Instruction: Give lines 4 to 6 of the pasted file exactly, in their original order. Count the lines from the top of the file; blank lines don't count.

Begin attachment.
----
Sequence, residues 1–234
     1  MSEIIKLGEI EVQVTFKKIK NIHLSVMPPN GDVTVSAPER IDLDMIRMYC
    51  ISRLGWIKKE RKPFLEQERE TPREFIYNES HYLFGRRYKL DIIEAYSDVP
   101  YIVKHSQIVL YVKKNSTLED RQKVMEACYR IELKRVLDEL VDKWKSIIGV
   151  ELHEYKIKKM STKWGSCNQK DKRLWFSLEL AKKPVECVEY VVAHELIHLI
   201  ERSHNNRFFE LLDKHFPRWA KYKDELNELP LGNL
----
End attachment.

   101  YIVKHSQIVL YVKKNSTLED RQKVMEACYR IELKRVLDEL VDKWKSIIGV
   151  ELHEYKIKKM STKWGSCNQK DKRLWFSLEL AKKPVECVEY VVAHELIHLI
   201  ERSHNNRFFE LLDKHFPRWA KYKDELNELP LGNL